Oil and Natural Gas Corp's USD 5 billion deal to buy 8.4 per cent stake in Kazakhstan's Kashagan oilfield may fall if ExxonMobil or Shell were to exercise their pre-emption rights within 60 days. In its biggest acquisition till date, ONGC Videsh Ltd, the overseas arm of state explorer, yesterday agreed to pay US energy giant ConocoPhillips USD 4.25 billion purchase price plus a share of working capital and other cash calls together with interest for the 8.4 per cent stake in Kashagan, the biggest oilfield discovery in over four decades.
The deal is subject to approval of governments of Kazakhstan and India and also to other partners in the Caspian Sea field waiving their pre-emption rights, OVL Managing Director Dinesh K Sarraf told PTI in an interview here. Italy's Eni, Royal Dutch Shell, France's Total, ExxonMobil of US and Kazakhstan's KazMunayGas have 16.81 per cent stake each, while Inpex of Japan has the remaining 7.56 per cent."ConocoPhillips has already intimated the partners about the deal and they now have 60 days to decide if they want to exercise their right of first refusal (also called pre-emption rights)," he said.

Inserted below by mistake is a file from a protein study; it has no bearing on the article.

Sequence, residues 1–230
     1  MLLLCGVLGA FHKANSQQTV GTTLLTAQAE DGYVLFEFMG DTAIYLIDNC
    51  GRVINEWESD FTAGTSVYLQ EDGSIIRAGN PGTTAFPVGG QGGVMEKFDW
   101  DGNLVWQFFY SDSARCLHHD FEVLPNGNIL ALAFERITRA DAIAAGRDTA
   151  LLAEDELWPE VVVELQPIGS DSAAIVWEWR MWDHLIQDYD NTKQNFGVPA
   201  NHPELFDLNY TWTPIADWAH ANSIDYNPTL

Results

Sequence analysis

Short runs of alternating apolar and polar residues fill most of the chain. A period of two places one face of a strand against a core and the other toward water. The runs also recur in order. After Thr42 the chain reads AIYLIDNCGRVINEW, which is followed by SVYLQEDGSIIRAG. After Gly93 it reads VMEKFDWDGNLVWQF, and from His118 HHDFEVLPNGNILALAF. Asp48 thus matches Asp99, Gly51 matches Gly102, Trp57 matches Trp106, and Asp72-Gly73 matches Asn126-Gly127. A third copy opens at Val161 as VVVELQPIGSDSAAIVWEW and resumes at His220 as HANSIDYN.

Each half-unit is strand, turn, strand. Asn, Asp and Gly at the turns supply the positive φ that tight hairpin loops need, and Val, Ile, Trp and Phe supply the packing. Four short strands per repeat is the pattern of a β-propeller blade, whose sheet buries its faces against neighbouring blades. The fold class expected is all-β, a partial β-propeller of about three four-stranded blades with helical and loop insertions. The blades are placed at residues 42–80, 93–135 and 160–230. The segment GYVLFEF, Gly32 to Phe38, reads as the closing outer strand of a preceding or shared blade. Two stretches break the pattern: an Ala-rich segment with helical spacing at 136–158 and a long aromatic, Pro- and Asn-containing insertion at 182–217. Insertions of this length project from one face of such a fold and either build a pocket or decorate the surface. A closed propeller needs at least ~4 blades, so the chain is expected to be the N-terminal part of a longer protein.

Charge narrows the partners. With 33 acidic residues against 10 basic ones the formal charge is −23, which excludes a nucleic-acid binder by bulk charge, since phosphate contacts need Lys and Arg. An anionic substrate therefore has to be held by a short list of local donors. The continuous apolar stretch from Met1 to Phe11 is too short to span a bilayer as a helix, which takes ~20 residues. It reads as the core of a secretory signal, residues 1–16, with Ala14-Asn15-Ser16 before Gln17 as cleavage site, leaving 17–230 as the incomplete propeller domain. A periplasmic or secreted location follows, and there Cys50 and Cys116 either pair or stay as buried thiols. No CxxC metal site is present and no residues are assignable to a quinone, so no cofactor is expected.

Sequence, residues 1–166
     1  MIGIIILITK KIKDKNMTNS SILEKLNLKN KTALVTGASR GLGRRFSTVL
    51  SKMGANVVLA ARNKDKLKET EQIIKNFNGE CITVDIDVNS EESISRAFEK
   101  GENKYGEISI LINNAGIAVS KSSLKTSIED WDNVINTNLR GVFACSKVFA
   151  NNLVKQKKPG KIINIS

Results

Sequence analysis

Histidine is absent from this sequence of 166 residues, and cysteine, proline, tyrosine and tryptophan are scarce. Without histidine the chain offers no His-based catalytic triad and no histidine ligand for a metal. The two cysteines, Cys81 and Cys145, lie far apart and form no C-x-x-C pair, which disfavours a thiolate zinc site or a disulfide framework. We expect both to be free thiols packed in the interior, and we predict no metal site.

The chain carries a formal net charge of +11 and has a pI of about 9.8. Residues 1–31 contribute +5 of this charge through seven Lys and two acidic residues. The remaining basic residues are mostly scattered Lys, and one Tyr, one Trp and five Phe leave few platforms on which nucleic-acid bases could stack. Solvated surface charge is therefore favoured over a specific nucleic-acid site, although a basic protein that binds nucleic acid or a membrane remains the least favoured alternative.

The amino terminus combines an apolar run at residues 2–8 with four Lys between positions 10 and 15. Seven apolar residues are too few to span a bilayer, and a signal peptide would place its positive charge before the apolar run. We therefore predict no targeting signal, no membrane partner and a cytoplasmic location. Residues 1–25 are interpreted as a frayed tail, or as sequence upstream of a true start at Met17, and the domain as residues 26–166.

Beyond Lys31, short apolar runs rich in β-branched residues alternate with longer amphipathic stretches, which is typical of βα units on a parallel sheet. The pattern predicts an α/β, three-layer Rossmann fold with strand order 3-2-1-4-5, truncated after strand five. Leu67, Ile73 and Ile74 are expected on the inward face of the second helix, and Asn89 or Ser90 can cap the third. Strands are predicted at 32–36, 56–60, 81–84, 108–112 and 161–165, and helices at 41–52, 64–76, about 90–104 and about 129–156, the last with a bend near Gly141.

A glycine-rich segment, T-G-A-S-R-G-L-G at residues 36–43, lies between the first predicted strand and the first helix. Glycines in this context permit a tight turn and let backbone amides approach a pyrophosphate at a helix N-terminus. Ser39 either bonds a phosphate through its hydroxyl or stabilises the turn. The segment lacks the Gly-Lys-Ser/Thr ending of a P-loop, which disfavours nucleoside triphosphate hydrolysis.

One or more partners deciding to exercise their ROFR would need to pay ConocoPhillips excatly the same amount as it had agreed with OVL. ExxonMobil and Shell have been seeking bigger stakes in the Kashagan oilfield and operating control before starting to expand the project.
KazMunayGas, Kazakhstan's national oil company, too may be interested in the state. Also, Kazakhstan has right to deny approval of the deal. Sarraf, who broke in September broke the over two year long hiatus with a deal to buy US energy firm Hess Corp's stake in an Azerbaijan oilfield for USD 1 billion, said the Kazakhstan government has six months to approve the deal after the expiry of a 60-day period for partners to exercise their pre-emption rights.
"We are confident of getting our government approval within the 240 days timelimit for approval of the entire transaction," he said.
He said Kashagan holds 33 billion barrels of inplace oil reserves, of which about 10 billion are potentially recoverable. "Of this,